Cadillac Beach
Tim Dorsey
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Cadillac Beach
Tim Dorsey
400 pages
December 2004
rated 3 1/2 of 5 possible stars

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Some books depend on in-depth plots to make their marks on the literary world. Others rely on their masterfully created characters. And then there are others, such as Tim Dorsey’s Cadillac Beach, that forgo all of this in favor of pure, madcap craziness. The question is, does it work?

Curled Up With a Good BookCadillac Beach is mostly the story of Serge Storms, a certifiably crazy drifter who has a whole list of goals which include embarrassing Fidel Castro, restoring pride to the CIA, bring the Today show to Miami and, most importantly, solving the mystery of the jewel heist that killed his grandfather and left some very valuable gems unaccounted for. I say this is "mostly" the story of Serge because Cadillac Beach brings in a whole host of characters, making it difficult to follow the variety of stories that take place. We skip back and forth in time from the present day to the 1960s, when Serge’s grandfather was making his mark in the organized crime world. Bring in a few unstable CIA agents, some unlucky traveling salesmen who accidentally knock off a mafia crime boss and plenty of other secondary characters and you’ve got one wild, sometimes confusing ride.

The wonderful part of this book just happens to be the same as its downfall—the frantic, demented nature of it. This book is a thrill ride from page one, when a group of salesmen at a convention try to play a practical joke on one of their buddies and instead end up kidnapping and shooting Tony Marsicano, the next mob boss of one of the biggest families in the area. It doesn’t let up as Serge is introduced. In fact, it gets even crazier because every word out of Serge’s mouth (and the actions that follow) is in turn brilliant, mind-boggling or just flat-out crazy. Unfortunately, this lunacy also makes for quite a bit of confusion and a complete lack of characters that the reader can relate to in any shape or form.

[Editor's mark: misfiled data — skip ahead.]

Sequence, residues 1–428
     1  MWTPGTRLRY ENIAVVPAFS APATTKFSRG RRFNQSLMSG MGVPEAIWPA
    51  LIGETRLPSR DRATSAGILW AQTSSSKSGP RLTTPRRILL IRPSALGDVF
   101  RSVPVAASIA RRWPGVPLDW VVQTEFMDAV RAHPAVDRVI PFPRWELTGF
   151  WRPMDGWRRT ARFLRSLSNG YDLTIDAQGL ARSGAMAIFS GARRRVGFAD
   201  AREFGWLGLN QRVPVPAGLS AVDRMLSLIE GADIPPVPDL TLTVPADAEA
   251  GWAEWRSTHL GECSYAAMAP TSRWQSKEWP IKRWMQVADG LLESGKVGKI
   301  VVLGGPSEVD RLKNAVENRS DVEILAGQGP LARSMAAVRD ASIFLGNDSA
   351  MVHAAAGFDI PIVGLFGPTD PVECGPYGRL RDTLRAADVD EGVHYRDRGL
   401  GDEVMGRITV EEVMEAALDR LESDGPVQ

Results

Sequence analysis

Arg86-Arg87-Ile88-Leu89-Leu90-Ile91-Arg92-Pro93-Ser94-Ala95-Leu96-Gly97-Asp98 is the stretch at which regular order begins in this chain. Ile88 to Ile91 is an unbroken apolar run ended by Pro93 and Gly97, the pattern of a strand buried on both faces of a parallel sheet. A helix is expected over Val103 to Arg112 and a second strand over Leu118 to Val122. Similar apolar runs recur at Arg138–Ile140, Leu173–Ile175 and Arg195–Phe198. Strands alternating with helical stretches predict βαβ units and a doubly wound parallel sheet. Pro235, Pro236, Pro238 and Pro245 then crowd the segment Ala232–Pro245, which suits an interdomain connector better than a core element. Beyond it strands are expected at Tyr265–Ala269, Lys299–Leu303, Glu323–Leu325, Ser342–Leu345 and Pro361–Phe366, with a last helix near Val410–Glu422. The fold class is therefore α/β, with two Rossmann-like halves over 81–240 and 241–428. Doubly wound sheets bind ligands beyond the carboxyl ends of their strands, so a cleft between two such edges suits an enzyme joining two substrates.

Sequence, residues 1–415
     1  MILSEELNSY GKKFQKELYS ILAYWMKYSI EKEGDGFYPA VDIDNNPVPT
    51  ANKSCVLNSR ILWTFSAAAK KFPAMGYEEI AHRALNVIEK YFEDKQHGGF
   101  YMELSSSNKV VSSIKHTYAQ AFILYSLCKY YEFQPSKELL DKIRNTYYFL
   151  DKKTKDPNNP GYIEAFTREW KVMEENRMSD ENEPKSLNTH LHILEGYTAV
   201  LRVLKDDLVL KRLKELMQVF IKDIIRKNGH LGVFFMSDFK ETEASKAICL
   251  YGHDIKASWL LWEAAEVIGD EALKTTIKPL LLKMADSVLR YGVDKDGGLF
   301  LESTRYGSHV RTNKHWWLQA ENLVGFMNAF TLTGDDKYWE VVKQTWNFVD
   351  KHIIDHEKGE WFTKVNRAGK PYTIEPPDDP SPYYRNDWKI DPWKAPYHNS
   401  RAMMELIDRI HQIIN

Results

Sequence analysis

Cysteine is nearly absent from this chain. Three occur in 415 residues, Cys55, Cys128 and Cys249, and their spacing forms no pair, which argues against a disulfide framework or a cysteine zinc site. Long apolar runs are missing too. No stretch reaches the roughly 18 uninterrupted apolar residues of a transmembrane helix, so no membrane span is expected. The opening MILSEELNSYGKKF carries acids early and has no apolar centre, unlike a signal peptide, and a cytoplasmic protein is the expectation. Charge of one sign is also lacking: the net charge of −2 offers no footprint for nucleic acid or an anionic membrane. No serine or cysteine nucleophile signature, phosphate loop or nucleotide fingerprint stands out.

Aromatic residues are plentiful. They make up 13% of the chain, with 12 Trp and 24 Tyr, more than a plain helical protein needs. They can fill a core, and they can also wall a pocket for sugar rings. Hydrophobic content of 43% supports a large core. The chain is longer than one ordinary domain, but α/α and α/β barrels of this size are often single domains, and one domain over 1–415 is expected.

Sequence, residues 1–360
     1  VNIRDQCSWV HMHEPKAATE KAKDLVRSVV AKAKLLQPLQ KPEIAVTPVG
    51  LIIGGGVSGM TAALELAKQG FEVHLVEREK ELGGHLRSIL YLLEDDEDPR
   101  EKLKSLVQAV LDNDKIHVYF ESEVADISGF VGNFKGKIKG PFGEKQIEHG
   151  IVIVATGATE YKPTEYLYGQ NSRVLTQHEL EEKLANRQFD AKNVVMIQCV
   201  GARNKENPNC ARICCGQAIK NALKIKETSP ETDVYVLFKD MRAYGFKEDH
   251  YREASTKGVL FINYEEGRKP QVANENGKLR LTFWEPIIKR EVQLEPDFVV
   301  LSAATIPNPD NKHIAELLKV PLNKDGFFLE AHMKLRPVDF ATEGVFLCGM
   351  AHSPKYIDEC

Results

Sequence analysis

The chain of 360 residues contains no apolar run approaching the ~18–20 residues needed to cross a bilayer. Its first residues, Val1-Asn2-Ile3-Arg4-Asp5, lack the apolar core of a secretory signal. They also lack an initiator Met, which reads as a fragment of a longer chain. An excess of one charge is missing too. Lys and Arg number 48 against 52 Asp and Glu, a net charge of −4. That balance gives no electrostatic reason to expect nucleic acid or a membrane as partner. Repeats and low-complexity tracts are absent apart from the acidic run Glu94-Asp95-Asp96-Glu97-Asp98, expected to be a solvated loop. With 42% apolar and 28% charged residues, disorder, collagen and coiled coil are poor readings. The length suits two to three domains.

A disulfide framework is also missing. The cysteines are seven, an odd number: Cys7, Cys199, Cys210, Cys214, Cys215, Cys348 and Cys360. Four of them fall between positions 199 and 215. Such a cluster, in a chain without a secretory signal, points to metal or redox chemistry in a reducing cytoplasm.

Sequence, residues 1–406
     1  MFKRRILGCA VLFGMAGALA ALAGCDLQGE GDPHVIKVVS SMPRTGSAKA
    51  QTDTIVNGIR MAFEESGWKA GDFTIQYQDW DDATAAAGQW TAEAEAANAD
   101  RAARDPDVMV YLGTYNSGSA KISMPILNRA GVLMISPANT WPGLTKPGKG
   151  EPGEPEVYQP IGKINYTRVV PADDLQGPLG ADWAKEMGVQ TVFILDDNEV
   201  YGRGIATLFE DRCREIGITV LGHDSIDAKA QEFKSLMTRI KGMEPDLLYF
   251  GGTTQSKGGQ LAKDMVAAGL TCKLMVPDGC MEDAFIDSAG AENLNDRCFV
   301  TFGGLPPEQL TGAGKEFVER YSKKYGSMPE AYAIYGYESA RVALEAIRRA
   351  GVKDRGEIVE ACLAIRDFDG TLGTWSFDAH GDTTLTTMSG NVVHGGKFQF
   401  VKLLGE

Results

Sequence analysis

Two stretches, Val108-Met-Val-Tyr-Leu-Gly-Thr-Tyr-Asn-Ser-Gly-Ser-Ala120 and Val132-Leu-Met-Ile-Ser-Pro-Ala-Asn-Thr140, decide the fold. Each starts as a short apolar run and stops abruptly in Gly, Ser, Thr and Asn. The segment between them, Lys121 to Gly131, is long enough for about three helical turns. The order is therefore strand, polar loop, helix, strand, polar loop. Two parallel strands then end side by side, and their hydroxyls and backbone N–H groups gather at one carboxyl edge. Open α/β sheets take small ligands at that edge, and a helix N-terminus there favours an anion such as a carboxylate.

If Dorsey would have concentrated on the core of the book—Serge finding out how his grandfather died and recovering the missing gems—it might have worked out nicely. Unfortunately, he finds it necessary to throw in a variety of other plots that just end up muddying the waters and ultimately making the book too hard to follow. When Cadillac Beach is reaching its climax, the reader finds himself scratching his head in confusion instead of turning the pages to find out what happens next. Although Dorsey clearly has a talent for creating quirky characters and complexly hilarious situations, Cadillac Beach just crams way too much into one book and ends up being a confusing and disjointed jumble.

Originally published on Curled Up With A Good Book at © Angela McQuay, 2004

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